The contest: With the Soviet Union in political disarray, and with the brilliant 18-year-old forward Eric Lindros playing with the Canadian squad, Canada re-emerges as a legitimate medal contender.

FIGURE SKATING: A staple of the Winter Olympics from the start, it is the most subjective winter sport to judge—and a rule change this year promises to further complicate the task. Skaters will continue to

compete in the four traditional categories—individual men and women, pairs and ice dance. But for the first time at the Olympic level, there will be no compulsory figures, a technical—and relatively easy to judge— category that formerly accounted for 20 per cent of the mark in individual competition. Instead, the men’s and women’s 21/2-minute short program (highlighting specific moves and jumps) will determine one-third of the score, and a 41/2-minute free-skating program (showcasing the skaters’ artistry) will account for the rest.

The contest: No one nation dominates all aspects. In the individual men's category, Americans won the gold in the past two Winter Olympics. Now, Kurt Browning of Caroline, Alta., the reigning—and

three-time—World Cup champion, is well poised for gold, if he can overcome back problems. East Germans won the women’s gold in the past three Games; Canada’s best chance lies with Josée Chouinard of Laval, Que., sixth in last year’s World Cup. The Soviets are consistently strong both in pairs, where Canada’s Lloyd Eisler and Isabelle Brasseur are contenders, and ice dance, where Canadian-raised Paul and Isabelle Duchesnay, who skate for France, are likely medallists.

NORDIC SKIING: Practised for centuries by armies engaged in winter campaigns over snowbound terrain, Nordic, or cross-country, skiing first became part of military competitions in Norway in 1767. A Winter Olympics event since 1924, it is now divided into two categories. In the strict cross-country portion, men compete in 10-, 15-, 30and 50-km rims, as well as a 40-km (four-by-10-km) relay. In the same category, women have five-, 10-, 15and 30-km runs and a 20-km (four-by-fivekilometre) relay. The second, men-only category is the Nordic combined, featuring a 70-m ski jump followed a day later by a 15-km race.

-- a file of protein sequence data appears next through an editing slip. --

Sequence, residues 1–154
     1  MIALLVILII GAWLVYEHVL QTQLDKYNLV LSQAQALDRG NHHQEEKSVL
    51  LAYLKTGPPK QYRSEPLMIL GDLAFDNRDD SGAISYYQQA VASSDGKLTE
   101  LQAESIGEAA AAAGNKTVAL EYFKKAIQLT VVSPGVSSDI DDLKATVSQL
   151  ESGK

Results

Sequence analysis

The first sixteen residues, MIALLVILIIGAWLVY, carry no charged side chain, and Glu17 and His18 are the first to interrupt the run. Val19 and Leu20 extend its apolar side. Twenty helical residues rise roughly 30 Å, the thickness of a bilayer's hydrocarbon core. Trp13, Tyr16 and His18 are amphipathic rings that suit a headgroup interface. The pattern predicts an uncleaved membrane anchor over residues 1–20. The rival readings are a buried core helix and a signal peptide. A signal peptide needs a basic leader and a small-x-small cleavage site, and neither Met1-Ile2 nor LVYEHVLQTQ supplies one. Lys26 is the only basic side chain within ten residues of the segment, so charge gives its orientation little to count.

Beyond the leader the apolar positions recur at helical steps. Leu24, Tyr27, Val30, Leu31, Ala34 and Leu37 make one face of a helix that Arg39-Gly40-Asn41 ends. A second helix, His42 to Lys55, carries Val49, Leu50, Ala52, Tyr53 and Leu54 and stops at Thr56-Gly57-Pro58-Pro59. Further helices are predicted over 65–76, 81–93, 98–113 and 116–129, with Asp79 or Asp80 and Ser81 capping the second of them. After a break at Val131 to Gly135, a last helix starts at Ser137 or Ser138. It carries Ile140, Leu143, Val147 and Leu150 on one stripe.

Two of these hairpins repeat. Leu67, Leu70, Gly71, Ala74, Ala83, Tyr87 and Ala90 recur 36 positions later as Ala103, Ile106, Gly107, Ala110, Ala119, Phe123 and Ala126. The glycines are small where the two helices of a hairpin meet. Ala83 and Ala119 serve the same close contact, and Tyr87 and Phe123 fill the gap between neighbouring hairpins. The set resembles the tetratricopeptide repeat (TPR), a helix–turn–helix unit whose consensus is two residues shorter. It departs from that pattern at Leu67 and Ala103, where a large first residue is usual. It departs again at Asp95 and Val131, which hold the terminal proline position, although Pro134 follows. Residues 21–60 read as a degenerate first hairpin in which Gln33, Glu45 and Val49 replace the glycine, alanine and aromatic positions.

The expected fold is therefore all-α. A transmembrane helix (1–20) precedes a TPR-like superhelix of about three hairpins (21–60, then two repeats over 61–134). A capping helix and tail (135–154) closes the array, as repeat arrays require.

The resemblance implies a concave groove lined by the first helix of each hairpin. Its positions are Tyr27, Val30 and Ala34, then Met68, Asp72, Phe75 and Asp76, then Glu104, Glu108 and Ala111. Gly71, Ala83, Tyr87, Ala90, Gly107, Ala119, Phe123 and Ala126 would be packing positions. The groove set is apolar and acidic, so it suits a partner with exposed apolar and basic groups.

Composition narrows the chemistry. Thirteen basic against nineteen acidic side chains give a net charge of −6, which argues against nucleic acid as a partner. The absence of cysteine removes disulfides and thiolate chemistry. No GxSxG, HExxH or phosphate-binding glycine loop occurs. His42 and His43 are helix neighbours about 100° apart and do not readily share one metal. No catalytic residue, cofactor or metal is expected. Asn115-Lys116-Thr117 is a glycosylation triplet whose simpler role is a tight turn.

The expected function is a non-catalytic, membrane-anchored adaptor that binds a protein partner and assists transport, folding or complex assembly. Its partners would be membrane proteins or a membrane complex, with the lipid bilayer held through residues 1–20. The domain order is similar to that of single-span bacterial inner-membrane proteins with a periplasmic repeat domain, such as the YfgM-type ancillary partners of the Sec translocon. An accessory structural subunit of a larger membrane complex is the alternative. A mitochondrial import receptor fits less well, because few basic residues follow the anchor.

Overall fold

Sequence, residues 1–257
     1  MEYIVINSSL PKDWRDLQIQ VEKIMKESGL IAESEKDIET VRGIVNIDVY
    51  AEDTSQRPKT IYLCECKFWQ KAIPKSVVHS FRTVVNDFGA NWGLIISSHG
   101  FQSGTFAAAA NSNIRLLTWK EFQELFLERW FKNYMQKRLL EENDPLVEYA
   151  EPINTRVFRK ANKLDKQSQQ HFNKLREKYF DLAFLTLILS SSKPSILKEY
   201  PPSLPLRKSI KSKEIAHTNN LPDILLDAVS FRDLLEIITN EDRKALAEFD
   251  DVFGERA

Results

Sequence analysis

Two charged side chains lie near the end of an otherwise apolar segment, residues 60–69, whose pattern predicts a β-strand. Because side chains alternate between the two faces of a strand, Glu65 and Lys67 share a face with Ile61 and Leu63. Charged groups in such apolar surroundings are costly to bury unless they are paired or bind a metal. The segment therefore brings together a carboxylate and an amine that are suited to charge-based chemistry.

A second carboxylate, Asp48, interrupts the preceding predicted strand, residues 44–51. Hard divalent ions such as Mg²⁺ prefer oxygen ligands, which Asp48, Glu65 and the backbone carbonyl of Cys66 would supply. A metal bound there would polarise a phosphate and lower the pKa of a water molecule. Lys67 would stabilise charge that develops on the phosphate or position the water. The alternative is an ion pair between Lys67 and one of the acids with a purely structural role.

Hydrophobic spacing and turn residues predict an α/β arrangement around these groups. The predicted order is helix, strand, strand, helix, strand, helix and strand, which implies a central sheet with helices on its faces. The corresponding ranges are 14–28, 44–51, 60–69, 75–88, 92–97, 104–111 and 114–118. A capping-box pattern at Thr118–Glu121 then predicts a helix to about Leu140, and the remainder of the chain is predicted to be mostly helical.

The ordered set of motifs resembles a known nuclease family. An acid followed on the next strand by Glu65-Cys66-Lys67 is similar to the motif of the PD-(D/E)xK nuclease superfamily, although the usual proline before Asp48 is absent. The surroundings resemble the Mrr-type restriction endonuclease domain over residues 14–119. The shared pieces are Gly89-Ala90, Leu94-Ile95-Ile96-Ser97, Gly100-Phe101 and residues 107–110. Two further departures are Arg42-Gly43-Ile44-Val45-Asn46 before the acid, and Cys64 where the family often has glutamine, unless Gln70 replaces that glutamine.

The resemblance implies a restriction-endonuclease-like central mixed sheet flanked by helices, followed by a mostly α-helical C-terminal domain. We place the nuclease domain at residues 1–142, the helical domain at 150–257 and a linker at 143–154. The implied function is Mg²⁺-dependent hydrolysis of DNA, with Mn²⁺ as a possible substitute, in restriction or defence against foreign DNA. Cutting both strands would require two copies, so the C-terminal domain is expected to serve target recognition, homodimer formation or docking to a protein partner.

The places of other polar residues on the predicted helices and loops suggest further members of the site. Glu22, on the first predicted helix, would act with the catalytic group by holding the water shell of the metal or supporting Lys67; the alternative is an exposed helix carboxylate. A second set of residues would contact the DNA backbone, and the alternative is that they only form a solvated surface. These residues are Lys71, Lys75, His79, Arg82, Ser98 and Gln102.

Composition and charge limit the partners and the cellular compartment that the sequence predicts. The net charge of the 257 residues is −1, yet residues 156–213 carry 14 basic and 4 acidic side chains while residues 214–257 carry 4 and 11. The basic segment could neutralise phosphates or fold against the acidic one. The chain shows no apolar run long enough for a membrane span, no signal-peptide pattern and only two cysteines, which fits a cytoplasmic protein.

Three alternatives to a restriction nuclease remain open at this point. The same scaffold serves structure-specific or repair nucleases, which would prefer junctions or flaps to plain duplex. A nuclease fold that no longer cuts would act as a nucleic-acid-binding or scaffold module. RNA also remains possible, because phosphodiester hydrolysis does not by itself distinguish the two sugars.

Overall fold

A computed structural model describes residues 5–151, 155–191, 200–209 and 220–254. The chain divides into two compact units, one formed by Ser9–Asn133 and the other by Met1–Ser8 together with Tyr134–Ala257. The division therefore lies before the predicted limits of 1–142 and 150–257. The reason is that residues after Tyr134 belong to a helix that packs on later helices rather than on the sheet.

The contest: Dominated by Germans, Scandinavians and Soviets. Canada is not a significant medal contender.

SPEED SKATING: Men’s speed skating has been part of the Winter Olympics since they began in 1924; a separate category for women was started in 1960. In traditional long-track (400-m oval) events, competitors compete against the clock over five distances for men (500 m, 1,000 m, 1,500 m, 5,000 mand 10,000 m) and four for women (500 m, 1,000 m, 1,500 m, 3,000 m and 5,000 m). A more dramatic version of speed skating enters the Olympic schedule as a medal sport for the first time at Albertville. It is short-track racing, in which groups of as many as eight skaters speed around tight 110-m ovals on an ice surface smaller than a hockey rink. Individual shorttrack events are 500 m for women and 1,000 m for men; relays are 3,000 m for women and 5,000 m for men.

The contest: Quebec’s Gaétan Boucher captured two gold medals at Sarajevo in 1984, but Sweden, Germany and the Soviet Union have won most men’s medals, while the eastern Germans have dominated the women’s events. In short track, Canada’s main medal contender is Sylvie Daigle of Sherbrooke, Que., who set a 500-m world record at a pre-Olympic meet in Albertville on Nov. 16.

SKI JUMPING: A sport with a long tradition in Europe, ski jumping has been part of the Winter Olympics since 1924. A men-only event, it consists of two separate jumps, the 70 m and the 90 m, based on the distance from the point of takeoff to the landing area.

The contest: Scandinavians, Germans and Eastern Europeans are consistent winners. Canada is not a major medal contender.

LUGE: The luge (French for sleigh) emerged as a racing vehicle in Switzerland in the 1800s and—despite protests that it was too dangerous—became an official Olympic event, using the bobsled run, in 1964. Contestants in skintight, aerodynamic bodysuits, either alone or in pairs, lie on their backs and plummet feet-first down a 920-m-long track of ice at speeds up to 75 m.p.h., steering by pushing the runners with their ankles.

The contest: German men and women, mainly from the east, thoroughly dominate the sport. Canada is not a likely medal contender.

Compiled by Brian Bethune, Stephen Brearton, Ann MacGregor